For example, during the day, the 4 socket HX5 server is used for as a database server, but at night, the database server is not being used, so the system is partitioned off into 2 x 2 socket physical servers that can each run their own applications.
As I’ve mentioned previously, the pricing and part number info for the IBM BladeCenter HX5 blade server is not expected to show up until the Intel Xeon 7500 processor announcement on March 30, so when that info is released, you can find it here.
For more details, head over to IBM’s
Let me know your thoughts – leave your comments below.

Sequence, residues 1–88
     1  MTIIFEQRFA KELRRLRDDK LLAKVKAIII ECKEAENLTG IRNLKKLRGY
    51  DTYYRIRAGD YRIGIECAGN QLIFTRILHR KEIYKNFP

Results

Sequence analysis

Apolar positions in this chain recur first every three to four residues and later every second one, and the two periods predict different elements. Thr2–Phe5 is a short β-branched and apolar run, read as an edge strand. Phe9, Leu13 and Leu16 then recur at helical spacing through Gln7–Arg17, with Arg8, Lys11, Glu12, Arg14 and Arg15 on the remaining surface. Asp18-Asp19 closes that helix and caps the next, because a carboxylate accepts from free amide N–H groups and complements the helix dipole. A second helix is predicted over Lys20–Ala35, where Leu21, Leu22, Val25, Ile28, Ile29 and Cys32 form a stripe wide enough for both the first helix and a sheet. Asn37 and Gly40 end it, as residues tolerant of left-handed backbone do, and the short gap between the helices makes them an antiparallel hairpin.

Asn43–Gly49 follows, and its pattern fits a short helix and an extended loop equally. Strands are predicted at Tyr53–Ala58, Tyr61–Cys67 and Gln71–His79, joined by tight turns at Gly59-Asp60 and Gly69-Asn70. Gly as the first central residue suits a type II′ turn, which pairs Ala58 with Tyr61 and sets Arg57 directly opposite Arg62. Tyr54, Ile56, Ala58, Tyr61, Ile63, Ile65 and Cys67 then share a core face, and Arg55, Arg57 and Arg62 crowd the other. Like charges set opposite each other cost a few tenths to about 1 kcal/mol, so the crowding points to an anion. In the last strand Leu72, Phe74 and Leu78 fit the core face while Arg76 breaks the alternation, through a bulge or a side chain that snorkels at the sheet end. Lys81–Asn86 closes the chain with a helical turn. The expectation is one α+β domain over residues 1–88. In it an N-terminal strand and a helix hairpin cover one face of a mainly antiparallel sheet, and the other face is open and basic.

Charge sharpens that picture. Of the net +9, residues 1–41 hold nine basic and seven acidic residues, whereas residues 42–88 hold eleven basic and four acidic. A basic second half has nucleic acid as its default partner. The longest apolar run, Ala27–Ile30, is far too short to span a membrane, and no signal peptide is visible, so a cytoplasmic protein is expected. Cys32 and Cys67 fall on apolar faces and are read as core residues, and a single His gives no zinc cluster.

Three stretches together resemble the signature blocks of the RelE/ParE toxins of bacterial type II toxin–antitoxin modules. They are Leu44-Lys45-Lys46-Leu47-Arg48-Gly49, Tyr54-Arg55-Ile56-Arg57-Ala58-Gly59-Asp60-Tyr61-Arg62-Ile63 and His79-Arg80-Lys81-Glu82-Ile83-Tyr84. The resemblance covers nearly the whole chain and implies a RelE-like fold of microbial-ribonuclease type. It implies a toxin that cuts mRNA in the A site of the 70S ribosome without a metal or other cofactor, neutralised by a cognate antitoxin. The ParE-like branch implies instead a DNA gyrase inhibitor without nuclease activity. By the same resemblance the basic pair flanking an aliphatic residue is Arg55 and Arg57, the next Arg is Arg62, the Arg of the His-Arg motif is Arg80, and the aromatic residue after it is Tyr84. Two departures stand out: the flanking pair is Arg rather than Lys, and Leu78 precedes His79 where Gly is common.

IBM’s Enterprise x-Architecture has been around for quite a while providing unique Scalability, Reliability and Flexibility in the x86 4-socket platforms. You can check out the details of the eX4 technology here.
Today’s announcement offered up a few facts:
a) the existing x3850 and x3950 M2 will be called x3850 and x3950 X5 signifying a trend for IBM to move toward product naming designations that reflect the purpose of the server.
b) the x3850 and x3950 X5’s will use the Intel Nehalem EX – to be officially announced/released on March 30. At this time we can expect full details including part numbers, pricing and technical specifications.
e) IBM also announced a new technology, known as “FlexNode” that offers up physical partitioning capability for servers to move from being a single system to 2 different unique systems and back again.